8 74 Entrepreneurship in Culinary Arts:... Step two; Comparative Analysis for Gap % categories (ANOVA). This phase evaluated the differences between the two gap % groups those with Gap where the positive gap group was composed by survey results were : ICEx% > IFDx% and the other neutral-negative gap group were; ICEx% = IFEx% and ICEx% < IFDx%.. The purpose of this step was to make sure that enough differences existed to warrant the two groups Step three Multivariate analysis. Given the multidimensionality of the problem and the conceptual construct a review of the literature on the topic was conducted to understand something of the work of the psychologists. (Kim and Mueller, 1978 ; Kim, 1978). Analysis of Ranking of Variables. A likert scales with seven numerical categories was used and in order to rank we used a semi-standardeized forward elimination ordinal logistic regression analysis was utilized according to Pample and others suggestions. Therefore, since variables had a similar matrix and were standardized only the independent variables and the dependent variable was not subject to standardization, the value of the coefficient was an indicative of the relative importance of each variable in its capacity to explain the variation in the Gap %, dependent variable. (Kachigan 1999 ; Pample 2000 ;Johnson and Creech, 1983; Gray and Kraenzle, 1998; Winship and Mare, 1984) To select the final composition of the derived model, we use a forward elimination method, an initial model for each sub-category was estimated using all the variables of that subcategory. Non-significant variables were eliminated and the model recalculated until, all the variables were significant at the 95% level. Principle Components/ Factor analysis. The combination of PC/FA was necessary in order to use the principal components results, to determine base on the Eigenvalues, the factor to be estimated in the factor analysis. In our case since the hypothesis was that there were going to be three factors given the three dimensions identify in the social interaction previous reported literature, we, in fact, were confirming our initial idea using the \method described before. Site application and Size of the Sample. The site was the Universidad Latina (former Interamericana) de Costa Rica, part of Laureate International Universities network, which is one of Costa Rica, largest private universities with 13,000 students. Given the interest for identifying the motivational and obstacles as well as the full cooperation of the school of Culinary, thru one of the authors of this research was a census of all the students enrolled in the school during The total number of interviews was 237. Results Results for Male Students. Table 4, indicates that all the variables in the model are significant at the 99.9% probability and the Cronbach Alpha estimated as a test for reliability was , with a pseudo R2 square of which indicated a rather consistent survey instrument and therefore questions, that address the issue the construct wants to measure. The variable with the top ranking was,fd5 Lack of Know-how about Business Plans, this is consistent with the fact that at this time, students form culinary arts do not received any training in business of any nature and the one with the lowest ranking was FD16 = Lack of direct technical support to the enterprising youths. All the other are very similar in importance. The results of the factor analysis for males presented in Table 5, indicate that with two factor, 0,637 % of the variance was explain indicating that the summary effects of the two variables was rather efficient. The results point out that the obstacles variables of the constructed associated with the first factor along with the GAP% variable, indicating the analytical composition value of the first factor. The CE potential variables associate with the second factor, segregating both perception components of the construct quite clear. Results for the Female Student Table 6, indicates that all the variables in the model are significant at the 99.9% probability and the Cronbach Alpha estimated as a test for reliability was with a pseudo R2 square of 0.815, which indicated a rather consistent survey instrument and therefore questions, that address the issue the construct wants to measure. The variable with the top ranking was, ce6 = If initiated your own business will you have the support of friends and the lowest ranking CE4 = Those who know you believe that you are ready to work on your own. The results of the factor analysis for males presented in Table 7, indicate that PASOS. Revista de Turismo y Patrimonio Cultural, 9(1) ISSN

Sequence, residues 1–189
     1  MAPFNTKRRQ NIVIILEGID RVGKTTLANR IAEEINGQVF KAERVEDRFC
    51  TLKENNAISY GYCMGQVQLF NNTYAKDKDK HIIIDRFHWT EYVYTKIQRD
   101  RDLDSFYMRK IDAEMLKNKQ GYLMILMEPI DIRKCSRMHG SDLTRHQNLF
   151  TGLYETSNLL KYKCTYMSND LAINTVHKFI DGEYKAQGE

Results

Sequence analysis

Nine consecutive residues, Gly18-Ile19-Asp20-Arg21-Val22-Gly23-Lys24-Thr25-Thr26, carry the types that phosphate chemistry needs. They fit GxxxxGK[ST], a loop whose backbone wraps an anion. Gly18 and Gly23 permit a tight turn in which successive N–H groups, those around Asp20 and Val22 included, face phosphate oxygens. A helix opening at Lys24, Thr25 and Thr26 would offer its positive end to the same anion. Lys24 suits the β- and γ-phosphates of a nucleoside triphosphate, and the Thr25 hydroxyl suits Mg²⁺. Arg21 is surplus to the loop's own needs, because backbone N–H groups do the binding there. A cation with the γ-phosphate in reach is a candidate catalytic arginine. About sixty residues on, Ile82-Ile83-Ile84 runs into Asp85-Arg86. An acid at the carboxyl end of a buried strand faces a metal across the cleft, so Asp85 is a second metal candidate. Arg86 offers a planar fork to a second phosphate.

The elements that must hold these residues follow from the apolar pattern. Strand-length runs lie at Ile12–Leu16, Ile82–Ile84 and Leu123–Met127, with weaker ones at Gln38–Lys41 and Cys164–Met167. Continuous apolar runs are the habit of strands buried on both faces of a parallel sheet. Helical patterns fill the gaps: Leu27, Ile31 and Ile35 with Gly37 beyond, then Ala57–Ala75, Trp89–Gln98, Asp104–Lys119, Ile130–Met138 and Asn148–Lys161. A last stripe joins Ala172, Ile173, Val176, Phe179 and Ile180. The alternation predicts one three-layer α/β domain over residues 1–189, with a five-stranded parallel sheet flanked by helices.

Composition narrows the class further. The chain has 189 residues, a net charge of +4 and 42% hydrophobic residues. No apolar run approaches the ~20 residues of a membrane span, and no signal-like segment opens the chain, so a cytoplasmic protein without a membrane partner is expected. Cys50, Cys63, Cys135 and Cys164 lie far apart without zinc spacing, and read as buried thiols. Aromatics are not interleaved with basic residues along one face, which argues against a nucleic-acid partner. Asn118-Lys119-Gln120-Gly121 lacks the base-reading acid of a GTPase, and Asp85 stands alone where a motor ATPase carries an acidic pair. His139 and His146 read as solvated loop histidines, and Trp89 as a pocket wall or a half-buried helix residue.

9 Juan Antonio Aguirre G and Beatriz Avendaño 75 with two factor, 0,580 % of the variance was explain indicating that the summary effects of the two variables was rather efficient. The results point out that the obstacles variables of the constructed associated with the first factor along with the GAP% variable, indicating the analytical composition value of the first factor. The CE potential variables associate with the second factor, segregating both perception components of the construct quite clear. The two variables common to the two processes are : FD13, lack of Support for the young women entrepreneur and CE4, those who know you, believe that you are ready to work on your own, indicating that both groups are very conscious of the importance support for the female segment and the support by friends and peers. PASOS. Revista de Turismo y Patrimonio Cultural, 9(1) ISSN